30/11/2009

Happy As A Censor

Given that Harlequin - yes, that Harlequin - has been squewering romance for decades, it's not surprising they now apply the same treatment to mystery. What's more, they are proud of themselves!

"Remember, our intention was to publish the stories in their original form. But once we immersed ourselves in the text, our eyes grew wide. Our jaws dropped. Social behavior—such as hitting a woman—that would be considered totally unacceptable now was quite common sixty years ago. Scenes of near rape would not sit well with a contemporary audience, we were quite convinced. We therefore decided to make small adjustments to the text, only in cases where we felt scenes or phrases would be offensive to a 2009 readership. Also, grammar and spelling standards have changed quite a bit in sixty years. But that did entail a text edit, which we had not anticipated. AND, we had to clear those adjustments with the current copyright holders, if we had been able to locate them. And of course, the covers: Though we used the original covers, they had to be scanned and touched up."

I don't dispute that vintage mysteries often include stuff that is hard for the modern reader to stomach, and while I don't think it should necessarily invalidate the corpus delictii's artistic value, I can see why readers and publishers might prefer to stay away from it. Had Harlequin finally decided not to reprint material it deemed offensive, I wouldn't have minded - more adventurous publishers might have taken the relay and it was just fine.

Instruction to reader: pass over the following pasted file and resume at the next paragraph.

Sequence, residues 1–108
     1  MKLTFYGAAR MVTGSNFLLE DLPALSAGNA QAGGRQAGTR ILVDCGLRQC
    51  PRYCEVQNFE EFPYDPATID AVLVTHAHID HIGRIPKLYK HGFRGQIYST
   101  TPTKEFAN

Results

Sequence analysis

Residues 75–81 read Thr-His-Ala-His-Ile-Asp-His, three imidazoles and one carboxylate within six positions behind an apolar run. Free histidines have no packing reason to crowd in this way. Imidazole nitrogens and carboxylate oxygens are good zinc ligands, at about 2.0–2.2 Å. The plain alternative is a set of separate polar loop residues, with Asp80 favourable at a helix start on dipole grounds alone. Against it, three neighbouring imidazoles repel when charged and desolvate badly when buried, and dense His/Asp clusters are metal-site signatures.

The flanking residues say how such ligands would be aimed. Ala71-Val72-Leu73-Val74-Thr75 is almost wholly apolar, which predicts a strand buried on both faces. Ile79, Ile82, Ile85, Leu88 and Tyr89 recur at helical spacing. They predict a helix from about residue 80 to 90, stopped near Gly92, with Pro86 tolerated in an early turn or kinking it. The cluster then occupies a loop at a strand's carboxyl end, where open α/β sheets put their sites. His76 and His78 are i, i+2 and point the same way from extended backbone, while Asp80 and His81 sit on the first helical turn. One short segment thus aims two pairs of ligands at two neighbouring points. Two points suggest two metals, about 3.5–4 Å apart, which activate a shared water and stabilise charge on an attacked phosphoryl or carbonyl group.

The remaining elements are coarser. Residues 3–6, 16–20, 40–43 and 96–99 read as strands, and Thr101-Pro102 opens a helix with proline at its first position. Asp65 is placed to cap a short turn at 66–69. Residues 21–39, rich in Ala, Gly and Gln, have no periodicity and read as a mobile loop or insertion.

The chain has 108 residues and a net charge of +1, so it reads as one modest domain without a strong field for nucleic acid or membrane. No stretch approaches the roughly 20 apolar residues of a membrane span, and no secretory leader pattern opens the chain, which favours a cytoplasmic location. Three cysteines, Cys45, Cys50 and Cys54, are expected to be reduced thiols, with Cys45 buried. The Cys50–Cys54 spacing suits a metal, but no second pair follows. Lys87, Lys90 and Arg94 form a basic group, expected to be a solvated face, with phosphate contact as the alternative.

But this is not  what Harlequin chose to do, instead they decided to butcher books from another era to make them palatable to modern readers deemed too stupid or too sensitive to tackle "hot stuff" from the past.

Yes Virginia, the past is a foreign country, people do - and write - things differently there and you won't change that by deleting words and editing content. What you will do, however, apart from a disservice to both literature and history is emasculating a story and thus depriving it from a vital part of its interest and importance. That the whole thing seems to have been done without asking anyone's permission is further testimony to the moral quality of the enterprise.

I said in a recent post that preservation of the classics of the genre was up to fans, be them readers, critics or independent publishers, and that story provides further confirmation of it. That mystery is now the top-selling genre in the world doesn't mean it's taken more seriously and respectuously by people with money (and nothing much else) on their minds and will resort to anything to make some bucks - the kind of people, in short, who run the publishing industry.

2 commentaires:

Jojo Lapin X a dit…

This comes as quite a shock, as I purchased the two James Hadley Chase volumes. And they are so lovely, too, with the edges of the pages stained red, a practice that I really would like to see return more generally.

David a dit…

If you would like to see specifically what they did to one of the Chase volumes, go here:
http://noirboiled.blogspot.com/2010/01/harlequin-bowdlerizations.html
Best, David